First spring, second spring

September 1st is a stupid day to officially start spring. Around here, that’s not when the season turns. Around here, it happens now — late July, early August.

The original people who lived round here, members of the Kulin nation, recognise different seasons from the Europeans who invaded their land. This time of year has several names that I’ve found: Wattle Season, Guling (Orchid Season), or the westernised “First Spring”.

Seasons of the Kulin Nation (Victoria, Australia).
Seasons of the Kulin Nation (Victoria, Australia). Image from Moreland Primary School.

This time, First Spring, is when the buds of the wattles begin to burst into yellow fluff, the jonquils in my front yard bloom, and the birds start carrying on like teenagers. Around Ballarat it’s also when the strong westerly winds start, and will ramp up into into the dangerously gusty “Second Spring,” when the soil also warms and veggie gardening season kicks off in my backyard.

Jonquils in flower in springtime.
Jonquil time.

First Spring, for me, marks the turn of the year. It’s the season of renewal and fresh beginnings. It’s when I start perusing seed catalogues and thinking about the year ahead.

This time last year, I’d just started to extract myself from my tech career, which was terrible for my mental health, especially in lockdown. Between Melbourne’s first and second lockdowns, a friend and I wandered around Ballarat, having lunch in a cafe (what a novelty!) and then on to the arts precinct where we popped in to a local gallery that usually had something interesting to see.

Turns out that the gallery had been converted into the Lost Ones Makers Studio, where I met jeweller Rachel Grose and leather worker Benny of Heaps Good Leatherwork. They had a space available, and on the spot I decided to rent it. It became my studio space and from there Bayleaf Handmade Goods emerged, chrysalis-like, as the spring wore on.

2021 was meant to be a fresh start, an exciting new beginning, but as we all know it’s just turned into more of 2020. What a long slog it’s been. And for me, it also came with massive disruption in my life as my landlords stuffed me around, had to be taken to tenancy tribunal, then tried to kick me out of my house.

You might’ve heard about the shortage of housing in regional Australia as everyone tries to move out of the city to work remotely and move more freely during lockdowns. Well, that means there’s no rentals available. At least not at a price that an artist just starting a new business can afford!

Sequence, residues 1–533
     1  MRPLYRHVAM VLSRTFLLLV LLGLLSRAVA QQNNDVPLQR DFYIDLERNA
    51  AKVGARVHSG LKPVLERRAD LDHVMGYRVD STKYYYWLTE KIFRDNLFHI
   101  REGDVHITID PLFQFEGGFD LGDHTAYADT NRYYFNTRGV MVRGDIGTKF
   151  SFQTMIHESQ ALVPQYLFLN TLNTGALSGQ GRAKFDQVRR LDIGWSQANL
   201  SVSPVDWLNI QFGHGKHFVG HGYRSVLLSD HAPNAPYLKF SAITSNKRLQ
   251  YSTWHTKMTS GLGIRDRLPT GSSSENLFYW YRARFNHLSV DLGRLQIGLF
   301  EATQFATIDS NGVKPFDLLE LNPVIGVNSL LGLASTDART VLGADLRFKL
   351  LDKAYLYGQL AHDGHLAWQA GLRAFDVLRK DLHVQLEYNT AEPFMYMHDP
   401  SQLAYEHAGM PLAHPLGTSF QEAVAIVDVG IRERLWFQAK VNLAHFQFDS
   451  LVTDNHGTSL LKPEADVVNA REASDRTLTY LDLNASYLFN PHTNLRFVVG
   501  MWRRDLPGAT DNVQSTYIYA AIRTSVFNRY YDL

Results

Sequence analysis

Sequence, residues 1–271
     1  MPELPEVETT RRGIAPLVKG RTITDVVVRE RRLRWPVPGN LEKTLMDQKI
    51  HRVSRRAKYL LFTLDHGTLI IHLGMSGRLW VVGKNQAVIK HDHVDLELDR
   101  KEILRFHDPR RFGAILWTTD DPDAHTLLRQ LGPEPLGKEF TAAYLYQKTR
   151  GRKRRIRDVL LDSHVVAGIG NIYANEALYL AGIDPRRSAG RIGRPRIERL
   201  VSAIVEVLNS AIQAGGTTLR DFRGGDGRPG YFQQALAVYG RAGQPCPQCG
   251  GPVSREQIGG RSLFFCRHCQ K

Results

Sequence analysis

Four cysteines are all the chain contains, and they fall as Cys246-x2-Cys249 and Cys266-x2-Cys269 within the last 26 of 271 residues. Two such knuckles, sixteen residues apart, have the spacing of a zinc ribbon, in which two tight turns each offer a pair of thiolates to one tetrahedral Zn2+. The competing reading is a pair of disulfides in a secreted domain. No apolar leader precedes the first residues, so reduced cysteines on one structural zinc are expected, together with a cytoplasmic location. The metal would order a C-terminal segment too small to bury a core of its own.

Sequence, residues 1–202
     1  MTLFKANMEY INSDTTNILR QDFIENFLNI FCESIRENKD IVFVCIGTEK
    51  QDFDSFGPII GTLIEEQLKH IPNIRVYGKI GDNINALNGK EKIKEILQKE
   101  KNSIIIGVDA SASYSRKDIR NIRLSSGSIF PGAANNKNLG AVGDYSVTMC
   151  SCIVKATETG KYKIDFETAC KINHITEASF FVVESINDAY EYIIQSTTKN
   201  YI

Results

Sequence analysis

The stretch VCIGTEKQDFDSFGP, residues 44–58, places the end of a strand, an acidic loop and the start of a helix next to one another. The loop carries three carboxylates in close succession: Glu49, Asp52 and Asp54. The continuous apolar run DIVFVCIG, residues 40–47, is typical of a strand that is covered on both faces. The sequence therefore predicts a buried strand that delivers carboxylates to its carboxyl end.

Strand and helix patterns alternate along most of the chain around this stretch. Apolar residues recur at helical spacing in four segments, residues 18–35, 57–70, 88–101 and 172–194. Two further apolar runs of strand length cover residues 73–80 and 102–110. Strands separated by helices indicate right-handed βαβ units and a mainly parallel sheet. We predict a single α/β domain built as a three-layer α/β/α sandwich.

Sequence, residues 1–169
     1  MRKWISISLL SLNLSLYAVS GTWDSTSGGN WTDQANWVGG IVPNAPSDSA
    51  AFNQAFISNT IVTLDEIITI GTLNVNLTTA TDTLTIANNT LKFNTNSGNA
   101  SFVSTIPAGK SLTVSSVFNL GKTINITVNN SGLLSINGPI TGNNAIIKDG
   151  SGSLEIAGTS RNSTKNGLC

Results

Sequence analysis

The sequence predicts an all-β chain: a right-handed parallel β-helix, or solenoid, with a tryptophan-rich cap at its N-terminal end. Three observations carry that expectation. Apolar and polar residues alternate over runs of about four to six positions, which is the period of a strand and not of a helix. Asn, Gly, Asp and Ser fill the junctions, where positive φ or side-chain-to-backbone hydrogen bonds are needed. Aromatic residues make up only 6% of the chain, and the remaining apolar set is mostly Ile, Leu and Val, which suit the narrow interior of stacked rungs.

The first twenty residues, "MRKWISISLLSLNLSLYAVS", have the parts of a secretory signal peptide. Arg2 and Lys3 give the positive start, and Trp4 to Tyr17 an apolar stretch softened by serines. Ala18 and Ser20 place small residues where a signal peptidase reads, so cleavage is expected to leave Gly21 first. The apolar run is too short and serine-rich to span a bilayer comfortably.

The first half of this year was a low point even by 2020-2021 standards, as I dealt with housing stress, illness, the emotionally-complicated death of a family member, and more. I more or less put Bayleaf Handmade Goods on hiatus, while I dealt with all of that.

Textile studio setup showing sewing table, pegboard and drawers.
I even got a new sewing table at the studio.

But now it’s First Spring again, for the second time this pandemic, and hope is starting to emerge from the cold and the grey. The jonquils are up again, the sun is out, I stopped to talk to a magpie on the way to the studio, and I’m preparing to move on to a friend’s permaculture farm, where I’ll be working to grow food and dye plants and fibre, and seeking inspiration from the land and flora and fauna to be found on the property and in the adjacent bushland.

I’m back in the studio again, and sewing up a storm. I’ve also been dyeing all sorts of things, weaving baskets, and starting to put together a bit of a collection of natural-material and eco-conscious haberdashery.

What I’m saying is, expect to see more of me over the coming months 😁 And stay tuned as I release a whole swathe of stuff in the shop next Wednesday: scarves, perhaps a few garments (depending how time goes), plant-dyed yarn and embroidery thread, and the haberdashery mentioned above. (Don’t forget, mailing list members get a 10% discount.)

Thanks for sticking around through bad times and good. Here’s to a fresh new year!

Header image: spring wildflowers in native grassland at Victoria Park, Ballarat. Photo via Victorian Volcanic Plains Conservation Management.


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